Now, short-term happy is not the point, but what will make me happy a year from now, or five years from now? And I think that my deepest desires are godly desires. We'll talk about those when we talk about salvation. I think my deepest desires are godly desires. I've got lots of ungodly desires. It's still a part of my person, but I think when I stop and think, then do what we most ... deeply happy, I'll always do the right thing.

So the story that Garry tells, Garry Friesen, and I think is a good one, is Eve in the garden. Brand-new wife. She's got all kinds of possibilities. Trees are everywhere, and she goes up to God and says, "God, I want the most perfect ... I want the center perfect of your will. What shall I make my husband for our very first meal here on your new planet?" And God says, "Of any tree, you may eat freely, but not that one." "Yeah, yeah, I got that. I heard that, God, but I want to know, what is the perfect, best will of God? Which tree, God?" "Any tree of the garden you may freely eat, but not that one."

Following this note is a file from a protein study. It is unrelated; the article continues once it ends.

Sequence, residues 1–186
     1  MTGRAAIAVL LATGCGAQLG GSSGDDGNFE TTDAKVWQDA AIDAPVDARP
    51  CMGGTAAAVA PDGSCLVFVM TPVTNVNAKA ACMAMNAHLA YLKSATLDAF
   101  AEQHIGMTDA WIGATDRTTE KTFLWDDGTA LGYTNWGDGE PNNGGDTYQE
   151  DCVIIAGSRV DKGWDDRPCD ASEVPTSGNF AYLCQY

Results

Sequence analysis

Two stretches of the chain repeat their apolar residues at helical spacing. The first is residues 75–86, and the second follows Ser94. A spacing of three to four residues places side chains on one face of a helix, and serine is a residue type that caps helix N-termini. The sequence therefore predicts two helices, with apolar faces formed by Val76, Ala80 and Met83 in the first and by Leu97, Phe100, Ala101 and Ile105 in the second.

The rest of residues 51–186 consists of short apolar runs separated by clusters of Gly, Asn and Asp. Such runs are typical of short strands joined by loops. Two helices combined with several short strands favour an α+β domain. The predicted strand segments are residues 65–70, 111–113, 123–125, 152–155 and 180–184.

And Garry tells the story well. How frustrating. Christ-like, scriptural, wise, God's ordination, everything else is a blessable option. So, shall she do cherries, pineapple, mango? Whatever, but not that one. "Any tree." Now, here's the thing. When I choose a blessable option that is blessable, it doesn't mean it's going to work out well. Sometimes I make decisions that are blessable options and I get over there and there's real problems over there that I didn't know about. That doesn't mean it wasn't a blessable option. It just says there's stuff that I didn't know. What I shouldn't do is say, "It's God's fault because He didn't tell me what to do."